Monday, October 31, 2011

Defining Moments

I'm well underway, not on the homework I should be working on, but on compiling some notes to formulate some "best of" posts.  For example, I know exactly how long (three years minus a week) that we were graced with the presence of a gentleman from the Bronx, found one of the two contrarian comments posted by my girlfriend from the comfort of her work-study job, and many other classics that we are all going to enjoy.

What I have also been able to enjoy over the past five baseball seasons is not really being able to miss too much Red Sox baseball due to my responsibility to How Youz Doin Baseball, which is really our creating and something we should probably have pride in for the rest of our lives.  In these five seasons, I have isolated one (maybe a few more for the '07 season) defining moment, each of which I will post below, say something about, and link to a How Youz Doin Baseball classic post.

2007:  Game 1, World Series, Dustin Pedroia leads off with home run against Jeff Francis.  After coming from behind against Cleveland in the ALCS, Pedroia hits the home run, sets a tone of "screw you guys" for the entire series, and blows out a team that had a hand that was arguably hotter than the Cardinals' hand this year.  Pedroia is simultaneously running the bases and running his mouth, screaming at Francis.  He apparently got stopped by a security guard at Coors Field before Game 3 and told the security guard to "ask Jeff f***ing Francis who I am."  The team, even JD Drew and Julio Lugo, fed off of Pedroia's energy after Francona had the balls to keep him in the lineup while slumping early.

Pedroia also inspired this classic from my co-author after he was talking in the papers about how terrible Daniel Cabrera was at pitching.  This was after getting drilled by Cabrera.

2008:  Game 5, ALCS, Coco Crisp singlehandedly salvages Red Sox season.  As someone who fought tooth and nail defending Coco Crisp between December 31, 2006 and the present, Crisp's ballsy game in Game 5, most notably his 10-pitch at-bat that really defines how different the current Red Sox are from even the 2008 team where he fouled pitches off and got an RBI single, was the most inspirational moment of my time as one of HYD's co-authors.  Better than the 2007 World Series.  Perhaps the third-best Red Sox moment of my life behind the 2004 World Series win and the Dave Roberts steal.  Pat's post regarding this moment literally brought tears to my eyes, both at the time and today while I tracked it down. 

Please give it a re-read:  "You Can Thank Coco."

2009:  Game 3, ALDS, Papelbon blows save, loses game.  This was defining in many ways:  Papelbon had a season that was bad but insanely lucky.  He was walking guys, putting guys on, surrendering hits, surrendering doubles, surrending home runs, almost constantly, but people who just looked at the numbers said "NUH UH HE IS INTSNSE ON TEH MOUND!!1"  Speaking of misleading stats, this was also the year JD Drew had the second-highest OPS of all AL outfielders.  Luck caught up to Papelbon in this game, and it was a relief for everyone.  The Red Sox, who spent the entire season whining about one thing or another, no longer had to play baseball and could have either hunting time or tee time all winter.  But once the season was over, we didn't have to see any more tears.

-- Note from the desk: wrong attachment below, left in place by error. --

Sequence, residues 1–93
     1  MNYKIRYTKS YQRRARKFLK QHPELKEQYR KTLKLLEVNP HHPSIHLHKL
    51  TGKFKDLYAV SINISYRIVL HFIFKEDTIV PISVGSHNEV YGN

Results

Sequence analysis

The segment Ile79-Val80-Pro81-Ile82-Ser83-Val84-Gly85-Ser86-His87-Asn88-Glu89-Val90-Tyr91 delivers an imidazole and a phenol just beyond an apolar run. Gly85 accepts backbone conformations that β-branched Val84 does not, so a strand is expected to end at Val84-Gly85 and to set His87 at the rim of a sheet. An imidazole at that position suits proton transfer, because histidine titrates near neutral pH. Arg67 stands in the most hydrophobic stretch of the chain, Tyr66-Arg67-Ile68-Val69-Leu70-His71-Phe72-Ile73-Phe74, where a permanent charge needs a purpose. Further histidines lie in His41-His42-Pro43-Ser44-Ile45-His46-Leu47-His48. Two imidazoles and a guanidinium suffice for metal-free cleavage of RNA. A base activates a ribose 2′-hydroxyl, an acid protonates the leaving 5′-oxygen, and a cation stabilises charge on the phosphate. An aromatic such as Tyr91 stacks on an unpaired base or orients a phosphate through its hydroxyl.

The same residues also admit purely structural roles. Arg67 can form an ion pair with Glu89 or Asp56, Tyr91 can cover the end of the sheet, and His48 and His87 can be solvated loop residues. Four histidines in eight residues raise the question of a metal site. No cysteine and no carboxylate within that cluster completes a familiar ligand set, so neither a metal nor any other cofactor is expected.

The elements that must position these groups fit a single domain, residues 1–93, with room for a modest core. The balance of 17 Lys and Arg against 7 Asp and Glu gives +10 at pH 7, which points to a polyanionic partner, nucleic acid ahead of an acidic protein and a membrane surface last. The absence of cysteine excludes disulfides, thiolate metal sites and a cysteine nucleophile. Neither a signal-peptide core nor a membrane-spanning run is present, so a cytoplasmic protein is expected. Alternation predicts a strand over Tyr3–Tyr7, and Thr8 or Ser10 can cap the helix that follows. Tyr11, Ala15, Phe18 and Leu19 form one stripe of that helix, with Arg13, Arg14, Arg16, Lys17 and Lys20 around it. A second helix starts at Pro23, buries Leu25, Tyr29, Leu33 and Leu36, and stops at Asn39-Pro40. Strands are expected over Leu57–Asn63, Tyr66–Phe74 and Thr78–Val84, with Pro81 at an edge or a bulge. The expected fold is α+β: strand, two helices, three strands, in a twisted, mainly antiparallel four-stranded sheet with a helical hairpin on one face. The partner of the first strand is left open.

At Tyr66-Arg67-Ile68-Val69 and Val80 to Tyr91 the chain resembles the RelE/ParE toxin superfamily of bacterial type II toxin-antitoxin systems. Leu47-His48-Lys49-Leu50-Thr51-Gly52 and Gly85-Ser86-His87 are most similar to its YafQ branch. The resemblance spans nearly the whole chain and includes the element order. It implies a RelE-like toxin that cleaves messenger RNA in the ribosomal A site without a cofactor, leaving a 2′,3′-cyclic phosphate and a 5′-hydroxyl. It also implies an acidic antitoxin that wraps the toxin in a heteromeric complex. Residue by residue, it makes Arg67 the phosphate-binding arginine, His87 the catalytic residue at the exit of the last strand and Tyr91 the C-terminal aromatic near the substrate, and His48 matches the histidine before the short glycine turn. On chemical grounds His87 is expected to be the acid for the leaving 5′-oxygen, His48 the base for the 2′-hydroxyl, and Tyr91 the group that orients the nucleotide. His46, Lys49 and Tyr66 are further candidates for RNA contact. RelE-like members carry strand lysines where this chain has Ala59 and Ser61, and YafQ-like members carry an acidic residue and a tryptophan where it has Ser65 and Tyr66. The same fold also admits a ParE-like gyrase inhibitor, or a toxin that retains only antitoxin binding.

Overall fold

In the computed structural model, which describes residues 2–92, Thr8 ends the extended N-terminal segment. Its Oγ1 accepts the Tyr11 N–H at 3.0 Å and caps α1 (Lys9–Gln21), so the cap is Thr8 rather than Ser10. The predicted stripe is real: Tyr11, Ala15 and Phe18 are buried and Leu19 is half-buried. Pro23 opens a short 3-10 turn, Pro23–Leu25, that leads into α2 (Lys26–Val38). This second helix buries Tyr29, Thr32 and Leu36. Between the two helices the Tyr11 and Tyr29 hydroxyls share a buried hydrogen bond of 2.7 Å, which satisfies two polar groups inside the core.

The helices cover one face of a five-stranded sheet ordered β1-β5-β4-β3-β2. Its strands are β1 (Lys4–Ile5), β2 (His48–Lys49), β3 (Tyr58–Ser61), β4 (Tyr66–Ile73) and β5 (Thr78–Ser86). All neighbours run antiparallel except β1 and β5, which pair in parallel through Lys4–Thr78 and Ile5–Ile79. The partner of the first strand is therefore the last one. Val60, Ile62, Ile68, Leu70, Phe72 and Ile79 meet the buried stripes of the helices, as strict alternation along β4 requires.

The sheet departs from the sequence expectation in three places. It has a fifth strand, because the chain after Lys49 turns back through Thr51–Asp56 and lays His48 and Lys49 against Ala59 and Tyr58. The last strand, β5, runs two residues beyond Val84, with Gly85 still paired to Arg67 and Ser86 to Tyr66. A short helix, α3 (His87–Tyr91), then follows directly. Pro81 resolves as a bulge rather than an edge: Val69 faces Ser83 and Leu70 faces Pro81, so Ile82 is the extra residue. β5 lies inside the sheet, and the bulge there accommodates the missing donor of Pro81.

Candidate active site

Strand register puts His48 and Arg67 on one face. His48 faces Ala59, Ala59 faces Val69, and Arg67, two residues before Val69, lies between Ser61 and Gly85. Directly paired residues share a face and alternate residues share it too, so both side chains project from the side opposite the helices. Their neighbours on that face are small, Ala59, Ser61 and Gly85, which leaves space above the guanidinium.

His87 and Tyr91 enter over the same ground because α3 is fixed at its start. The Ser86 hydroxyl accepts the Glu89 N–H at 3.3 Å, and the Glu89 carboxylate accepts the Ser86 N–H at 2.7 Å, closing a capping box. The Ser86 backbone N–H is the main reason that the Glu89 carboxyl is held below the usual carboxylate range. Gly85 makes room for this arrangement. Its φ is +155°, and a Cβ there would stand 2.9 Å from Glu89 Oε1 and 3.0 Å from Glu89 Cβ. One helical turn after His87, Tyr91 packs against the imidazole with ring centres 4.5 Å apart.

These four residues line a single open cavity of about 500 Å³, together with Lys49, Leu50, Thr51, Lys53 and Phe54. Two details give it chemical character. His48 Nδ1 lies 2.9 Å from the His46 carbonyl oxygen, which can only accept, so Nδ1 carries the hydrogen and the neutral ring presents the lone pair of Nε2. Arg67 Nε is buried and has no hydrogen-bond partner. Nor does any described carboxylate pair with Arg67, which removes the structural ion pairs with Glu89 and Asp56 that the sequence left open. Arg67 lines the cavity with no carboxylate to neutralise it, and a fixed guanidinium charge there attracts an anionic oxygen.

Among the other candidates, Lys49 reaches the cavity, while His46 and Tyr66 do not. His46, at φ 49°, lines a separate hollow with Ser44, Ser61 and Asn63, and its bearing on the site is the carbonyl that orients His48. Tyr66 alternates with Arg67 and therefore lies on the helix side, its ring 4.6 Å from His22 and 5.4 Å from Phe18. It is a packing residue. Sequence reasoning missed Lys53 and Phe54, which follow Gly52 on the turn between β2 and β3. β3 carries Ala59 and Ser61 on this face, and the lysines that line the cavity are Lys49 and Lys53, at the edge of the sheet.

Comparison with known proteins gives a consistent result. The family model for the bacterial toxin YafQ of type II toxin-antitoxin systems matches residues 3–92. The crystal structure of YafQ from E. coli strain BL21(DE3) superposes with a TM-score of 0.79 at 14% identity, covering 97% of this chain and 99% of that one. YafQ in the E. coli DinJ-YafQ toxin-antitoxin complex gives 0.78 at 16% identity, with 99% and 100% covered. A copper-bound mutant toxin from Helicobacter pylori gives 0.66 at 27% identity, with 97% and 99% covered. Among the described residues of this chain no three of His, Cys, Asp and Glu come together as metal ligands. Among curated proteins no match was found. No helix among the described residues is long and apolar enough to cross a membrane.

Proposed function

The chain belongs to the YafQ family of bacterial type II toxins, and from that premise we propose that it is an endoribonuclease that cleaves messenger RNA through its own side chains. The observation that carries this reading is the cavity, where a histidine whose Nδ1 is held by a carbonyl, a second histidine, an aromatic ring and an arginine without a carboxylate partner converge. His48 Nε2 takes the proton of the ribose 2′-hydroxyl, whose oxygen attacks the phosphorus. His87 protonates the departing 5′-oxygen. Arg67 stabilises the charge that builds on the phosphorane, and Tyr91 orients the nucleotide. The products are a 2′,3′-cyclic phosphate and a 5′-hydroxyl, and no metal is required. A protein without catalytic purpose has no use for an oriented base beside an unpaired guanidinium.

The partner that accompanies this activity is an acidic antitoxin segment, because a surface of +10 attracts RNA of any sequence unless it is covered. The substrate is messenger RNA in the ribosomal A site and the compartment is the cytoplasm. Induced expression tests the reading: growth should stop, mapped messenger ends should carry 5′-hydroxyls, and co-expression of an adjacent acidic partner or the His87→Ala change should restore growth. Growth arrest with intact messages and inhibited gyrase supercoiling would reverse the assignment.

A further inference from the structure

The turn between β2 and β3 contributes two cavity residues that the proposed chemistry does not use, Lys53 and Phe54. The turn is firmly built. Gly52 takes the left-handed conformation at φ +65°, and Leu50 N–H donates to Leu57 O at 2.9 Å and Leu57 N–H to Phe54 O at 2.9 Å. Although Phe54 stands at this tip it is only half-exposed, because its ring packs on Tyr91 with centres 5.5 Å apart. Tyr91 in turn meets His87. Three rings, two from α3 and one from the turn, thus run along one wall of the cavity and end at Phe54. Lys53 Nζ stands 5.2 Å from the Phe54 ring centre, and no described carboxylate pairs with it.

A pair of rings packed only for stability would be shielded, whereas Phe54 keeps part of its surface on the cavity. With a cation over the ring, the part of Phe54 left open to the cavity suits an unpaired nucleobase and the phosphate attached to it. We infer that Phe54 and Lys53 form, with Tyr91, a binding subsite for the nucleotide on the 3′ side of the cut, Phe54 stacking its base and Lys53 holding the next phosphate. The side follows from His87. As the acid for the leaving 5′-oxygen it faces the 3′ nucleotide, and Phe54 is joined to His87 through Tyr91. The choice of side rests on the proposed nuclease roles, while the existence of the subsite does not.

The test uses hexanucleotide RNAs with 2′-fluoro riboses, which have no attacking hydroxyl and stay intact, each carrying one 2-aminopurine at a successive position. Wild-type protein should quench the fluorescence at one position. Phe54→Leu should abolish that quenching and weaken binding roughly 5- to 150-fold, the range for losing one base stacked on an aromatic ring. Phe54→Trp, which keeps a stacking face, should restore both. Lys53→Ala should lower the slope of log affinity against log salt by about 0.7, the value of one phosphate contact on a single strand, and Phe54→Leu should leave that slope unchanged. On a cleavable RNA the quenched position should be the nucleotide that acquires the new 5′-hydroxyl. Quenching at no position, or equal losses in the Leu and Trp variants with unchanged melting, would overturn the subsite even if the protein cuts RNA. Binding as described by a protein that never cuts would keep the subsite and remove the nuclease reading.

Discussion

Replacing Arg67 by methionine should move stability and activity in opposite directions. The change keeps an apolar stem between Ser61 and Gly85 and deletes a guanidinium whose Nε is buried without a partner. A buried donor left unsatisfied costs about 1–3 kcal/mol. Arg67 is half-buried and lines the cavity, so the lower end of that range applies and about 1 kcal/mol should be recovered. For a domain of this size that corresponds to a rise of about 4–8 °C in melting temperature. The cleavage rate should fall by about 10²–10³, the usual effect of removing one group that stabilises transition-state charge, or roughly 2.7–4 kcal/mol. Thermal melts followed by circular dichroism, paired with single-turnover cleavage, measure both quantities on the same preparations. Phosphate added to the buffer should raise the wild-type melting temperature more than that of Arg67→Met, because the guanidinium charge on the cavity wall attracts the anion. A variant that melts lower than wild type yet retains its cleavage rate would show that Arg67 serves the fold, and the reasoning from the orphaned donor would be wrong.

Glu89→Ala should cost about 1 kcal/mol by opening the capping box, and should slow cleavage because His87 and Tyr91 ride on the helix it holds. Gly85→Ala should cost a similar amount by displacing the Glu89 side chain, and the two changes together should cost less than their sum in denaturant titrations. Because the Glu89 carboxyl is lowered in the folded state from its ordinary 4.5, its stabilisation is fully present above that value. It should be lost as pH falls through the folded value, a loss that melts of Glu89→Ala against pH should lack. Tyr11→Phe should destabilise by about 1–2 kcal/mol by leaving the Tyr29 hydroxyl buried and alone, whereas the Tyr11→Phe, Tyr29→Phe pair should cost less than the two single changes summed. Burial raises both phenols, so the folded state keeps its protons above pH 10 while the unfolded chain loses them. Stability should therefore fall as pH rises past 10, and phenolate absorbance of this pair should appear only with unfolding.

It was foreshadowing of this year, to be honest.  And it was also the least-likable Red Sox team ever until Adrian Gonzalez iced it with his Ken Rosenthal shenanigans.

2010:  August 28, Boston at Tampa.  Boston's up 1-0 behind Clay Buchholz, who was about two months removed from pinch running in a game because the Red Sox were so shorthanded (but JD Drew still asked out of this game).  It's the bottom of the seventh and Matt Garza's pitching for Tampa - a guy Boston for some reason could never hit.  After Buchholz threw a one-out pickoff attempt into the dugout, sending Carlos Pena to third, Matt Joyce hit a foul fly ball to right field.  The logical move would be for the right fielder to let the ball drop, especially as Joyce was hitting .230 and Buchholz was having a career year and a great game (surrendering three hits). 

JD Drew, for the first time in several months and actually for the last time in his lackluster career, made an effort at a baseball move and made a circus catch in right field.  Pena tagged up and scored.  Dan Johnson later hit a home run, similar to a 2008 incident and, of course, a 2011 incident.  According to Drew "instinct took over" after he was thinking "let it drop, let it drop."  A dumb, dumb baseball play, and really the de facto end of the team's contention that year.

2011:  September 27, Tampa at Boston.  In the bottom of the fifth, the Red Sox are down 4-2, and 46, who may be the fastest guy in the American League, had just stolen second base.  There are two outs and Pedroia is at the plate against Jeff Niemann.  Stealing third base provides absolutely zero value, but 46 went for it anyway so he could pad his fantasy stats and write another page in his free agent binder.  The MVP candidate was undoubtedly one of the players Francona cited when saying some players failed to focus on team goals, instead prioritizing individual goals, and this play was inexplicable any other way.  Of course, the team ended up collapsing, inspiring one of the most explosive runs of commentary on this site.

What are your defining moments of the HYD era?


Anonymous said...


Game 5 of the 2007 ALCS. I remember telling anyone and everyone that if the Sox won Game 5 they would win the series. And they did. It's the biggest moment of the HYD Era for me for a few reasons--it was the biggest win of the 2007 season. They crushed the Indians in Game 6 and 7 (though Game 7 was closer than people imagine right into the seventh inning) and steamrolled the Rockies. Game 5 was also the last time things were dramatic that year and the win really catapulted them to the title. Moreover, At that point Josh Beckett was every bit as good and reliable as Curt Schilling had been in 2004. It seems crazy to say that now after all the injuries, underperformance and indifference he's exhibited since, but back then? He was a different player and the sky appeared to be the limit for him. He was, believe it or not, clutch. He gave up just four earned runs in 30 innings during those playoffs. Which was frankly Pedro-esque. It was the last time anyone could honestly compared Beckett to the greatest players in the game.

--the Gunn

the gm at work said...